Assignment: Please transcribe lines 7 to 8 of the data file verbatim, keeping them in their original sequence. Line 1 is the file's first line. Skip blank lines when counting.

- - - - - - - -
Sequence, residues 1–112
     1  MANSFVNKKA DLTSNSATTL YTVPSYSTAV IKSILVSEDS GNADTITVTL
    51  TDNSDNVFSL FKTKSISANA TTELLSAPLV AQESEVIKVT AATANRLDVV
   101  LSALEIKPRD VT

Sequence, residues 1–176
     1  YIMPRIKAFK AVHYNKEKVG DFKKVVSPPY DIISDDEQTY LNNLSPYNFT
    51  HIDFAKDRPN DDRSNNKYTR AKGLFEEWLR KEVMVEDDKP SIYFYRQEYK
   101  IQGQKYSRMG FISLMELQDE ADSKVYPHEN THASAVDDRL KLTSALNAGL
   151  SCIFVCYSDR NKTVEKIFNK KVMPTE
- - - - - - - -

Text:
    51  HIDFAKDRPN DDRSNNKYTR AKGLFEEWLR KEVMVEDDKP SIYFYRQEYK
   101  IQGQKYSRMG FISLMELQDE ADSKVYPHEN THASAVDDRL KLTSALNAGL